Now coveted: A walkable, convenient place
Across the US, real estate values in top urban neighorhoods significantly outperform the best auto-oriented suburban neighborhoods, according to a Brookings study.
This finding points to growing market demand for walkable, urban places, writes Christopher Leinberger in a New York Times op-ed. The trend is playing out in both the cities and the suburbs, and developers need to get on board — even though the creation of new mixed-use places is more difficult and demanding than churning out single-use suburban subdivisions, he says. "The market gets what it wants, and the market signals are flashing pretty brightly: build more walkable, and bikable, places." Leinberger explains:
Until the 1990s, exclusive suburban homes that were accessible only by car cost more, per square foot, than other kinds of American housing. Now, however, these suburbs have become overbuilt, and housing values have fallen. Today, the most valuable real estate lies in walkable urban locations. Many of these now pricey places were slums just 30 years ago.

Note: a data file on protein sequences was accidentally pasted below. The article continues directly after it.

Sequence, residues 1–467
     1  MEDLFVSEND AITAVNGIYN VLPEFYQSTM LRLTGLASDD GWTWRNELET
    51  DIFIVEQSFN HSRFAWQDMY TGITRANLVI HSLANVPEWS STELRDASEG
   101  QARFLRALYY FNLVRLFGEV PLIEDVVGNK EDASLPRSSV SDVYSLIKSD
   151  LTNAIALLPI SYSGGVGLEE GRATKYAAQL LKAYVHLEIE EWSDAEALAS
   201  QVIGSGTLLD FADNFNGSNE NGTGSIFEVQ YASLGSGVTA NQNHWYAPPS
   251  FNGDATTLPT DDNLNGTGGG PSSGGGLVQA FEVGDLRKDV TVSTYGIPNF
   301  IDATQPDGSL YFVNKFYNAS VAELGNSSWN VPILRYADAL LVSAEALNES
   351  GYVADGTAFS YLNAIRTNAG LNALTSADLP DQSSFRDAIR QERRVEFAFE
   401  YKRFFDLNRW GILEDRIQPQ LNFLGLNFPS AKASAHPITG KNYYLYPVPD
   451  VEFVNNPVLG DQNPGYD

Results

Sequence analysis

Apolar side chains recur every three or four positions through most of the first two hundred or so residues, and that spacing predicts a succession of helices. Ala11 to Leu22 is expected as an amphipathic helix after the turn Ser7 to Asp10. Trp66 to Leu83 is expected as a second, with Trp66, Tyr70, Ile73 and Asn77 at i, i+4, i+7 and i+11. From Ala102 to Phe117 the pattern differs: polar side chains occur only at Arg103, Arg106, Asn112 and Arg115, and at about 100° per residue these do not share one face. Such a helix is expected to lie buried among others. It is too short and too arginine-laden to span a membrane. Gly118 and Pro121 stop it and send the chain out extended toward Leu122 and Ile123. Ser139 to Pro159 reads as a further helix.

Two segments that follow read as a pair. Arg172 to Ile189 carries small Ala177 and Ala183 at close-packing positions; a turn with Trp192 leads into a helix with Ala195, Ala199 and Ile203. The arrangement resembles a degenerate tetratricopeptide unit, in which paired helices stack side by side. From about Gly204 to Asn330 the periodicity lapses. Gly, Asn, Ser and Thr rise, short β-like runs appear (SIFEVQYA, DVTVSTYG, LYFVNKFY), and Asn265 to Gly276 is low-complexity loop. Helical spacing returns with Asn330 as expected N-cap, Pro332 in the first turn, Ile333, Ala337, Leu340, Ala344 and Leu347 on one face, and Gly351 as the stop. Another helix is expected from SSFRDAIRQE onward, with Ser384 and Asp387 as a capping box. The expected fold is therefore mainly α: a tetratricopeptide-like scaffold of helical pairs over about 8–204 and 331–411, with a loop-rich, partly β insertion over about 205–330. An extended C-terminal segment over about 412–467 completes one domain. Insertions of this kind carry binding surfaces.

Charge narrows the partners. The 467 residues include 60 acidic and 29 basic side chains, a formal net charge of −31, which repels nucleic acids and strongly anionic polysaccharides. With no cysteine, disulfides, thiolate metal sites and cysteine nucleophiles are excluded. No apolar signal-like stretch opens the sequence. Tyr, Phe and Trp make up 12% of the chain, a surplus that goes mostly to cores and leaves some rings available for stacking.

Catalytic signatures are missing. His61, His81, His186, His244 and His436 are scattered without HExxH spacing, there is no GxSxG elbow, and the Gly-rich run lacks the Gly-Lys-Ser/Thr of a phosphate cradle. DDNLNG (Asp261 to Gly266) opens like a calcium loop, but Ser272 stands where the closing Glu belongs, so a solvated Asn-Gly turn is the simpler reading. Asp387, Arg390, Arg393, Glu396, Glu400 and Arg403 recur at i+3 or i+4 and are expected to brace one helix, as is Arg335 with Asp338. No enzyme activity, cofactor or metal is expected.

Mariela Alfonzo and I just released a Brookings Institution study that measures values of commercial and residential real estate in the Washington, D.C., metropolitan area, which includes the surrounding suburbs in Virginia and Maryland. Our research shows that real estate values increase as neighborhoods became more walkable, where everyday needs, including working, can be met by walking, transit or biking. There is a five-step “ladder” of walkability, from least to most walkable. On average, each step up the walkability ladder adds $9 per square foot to annual office rents, $7 per square foot to retail rents, more than $300 per month to apartment rents and nearly $82 per square foot to home values.
Leinberger offers further examples of how this trend has affected metro areas:
In Columbus, Ohio, the highest housing values recorded by Zillow in 1996 were in the suburb of Worthington, where prices were 135 percent higher than in the struggling neighborhood of Short North, adjacent to the city’s center. Today, Short North housing values are 30 percent higher than those of Worthington, and downtown Columbus has the highest housing values in that metropolitan area.